Wait up for me, Javascript!

19 Jan 2022

Javascript: The Reigning Champion?

During the summer, my friend and I decided to do some Leetcode (a website that gives you problems to solve with code) problems together. At the time, the only languages I had been exposed to were Java, C, and C++. Since my most recent experience was with C (a more rudimental and “computery” language), I decided to code in it. On the other hand, my friend had just finished taking ICS 314 so he used Javascript. I remember peeking at his code and seeing statements like let num = 2; which sounded baffling to me; it sounded like you’re commanding these lines to allow themselves to exist in your code.

I didn’t think our different choices in language would make a difference but boy was I wrong. In the beginning, he would be finished with the problem while I was still there trying to figure out where my pointers (a location marker for things in the program–a bane of many people learning C) were located. Although in the end, my C programs were faster than his Javascript programs (an advantage of the C language), I was slowly recognizing the strength in using Javascript. Even when I pivoted to using Java for the Leetcode problems, there were just so many things that my friend could do in Javascript much more easily than I could in Java.

Fast forward a few semesters, I’m finally taking ICS 314 and after we did this tutorial, there are some new things I’ve picked up. For example, I finally understand that Javascript treats functions just like any data type (numbers, strings, objects, etc) aka it’s first-class. I’m also getting a better understanding of anonymous functions in that they’re just functions for one-time uses. However, I know that more hands-on experience will be needed for me to understand why/how they’re useful. Lastly, I’m so glad the tutorial included a section about promises because whenever I came upon this in the past, I had no idea what it did. Essentially, it allows your code to come upon a fork in the road and choose a path based on a certain condition.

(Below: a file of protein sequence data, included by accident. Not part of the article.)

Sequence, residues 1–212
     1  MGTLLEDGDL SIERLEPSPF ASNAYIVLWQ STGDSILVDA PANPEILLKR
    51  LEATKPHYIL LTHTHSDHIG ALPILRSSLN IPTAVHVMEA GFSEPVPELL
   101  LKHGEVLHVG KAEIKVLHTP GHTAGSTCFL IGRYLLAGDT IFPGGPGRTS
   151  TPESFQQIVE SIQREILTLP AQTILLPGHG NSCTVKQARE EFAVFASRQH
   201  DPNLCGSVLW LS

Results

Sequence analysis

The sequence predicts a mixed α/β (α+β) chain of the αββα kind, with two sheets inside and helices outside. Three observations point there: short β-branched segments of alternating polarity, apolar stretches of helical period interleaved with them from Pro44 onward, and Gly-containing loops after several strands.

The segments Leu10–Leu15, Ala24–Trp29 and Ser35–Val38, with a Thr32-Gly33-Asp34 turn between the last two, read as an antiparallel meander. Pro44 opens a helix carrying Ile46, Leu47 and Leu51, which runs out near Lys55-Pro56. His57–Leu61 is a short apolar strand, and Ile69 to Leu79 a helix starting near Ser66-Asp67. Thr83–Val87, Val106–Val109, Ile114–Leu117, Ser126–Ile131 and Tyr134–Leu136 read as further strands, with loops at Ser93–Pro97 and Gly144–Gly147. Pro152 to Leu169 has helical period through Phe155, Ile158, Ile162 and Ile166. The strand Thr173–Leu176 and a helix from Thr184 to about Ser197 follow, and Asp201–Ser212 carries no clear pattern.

After learning this much, in my opinion, Javascript is a good programming language from a software engineering perspective. I think so because its flexibility allows for creative programming and allows people to focus on the actual content of their program rather than the syntax.


There’s something about seeing that timer go down that gets your blood flowing and your heart racing as you are doing a WOD (timed, pass-fail coding exercises). In this class we use an athletic software engineering learning approach and WODs are like reps and in this case, we’re exercising our Javascript skills. And a few days ago I did my first practice WOD and I definitely felt stressed out (but also worked out). In fact, I kept making mistakes during my WOD and kept forgetting syntax. However, once I got in the groove and started completing more WODs, it started becoming fun (when I actually solved the problem that is). There’s something so satisfying about coming up with the solution to a problem and then seeing it come to life with code. Having the timer can be terrifying but that fear has personally pushed me to study harder.

On the flip side though, I do feel like I’m not taking full advantage of what Javascript can do. Specifically, because I’m stressed, I’d much rather write code that I’m familiar with (e.g. if-else statements) rather than code that may be more accepted in Javascript (e.g. a ternary operator which is essentially a shorthand for conditionals). And to be honest, I’m usually a more think-it-through kind of person and enjoy spending time thinking about an algorithm then drawing it out to test it, so conducting WODs in this fashion is completely the opposite of what I do. But I know companies do this in real-life (“Please solve this problem within 30 minutes”), so I’m happy to exercise this skill, despite how stressful it is. As long as I take time to study and practice Javascript, I think athletic software engineering will go WODerfully.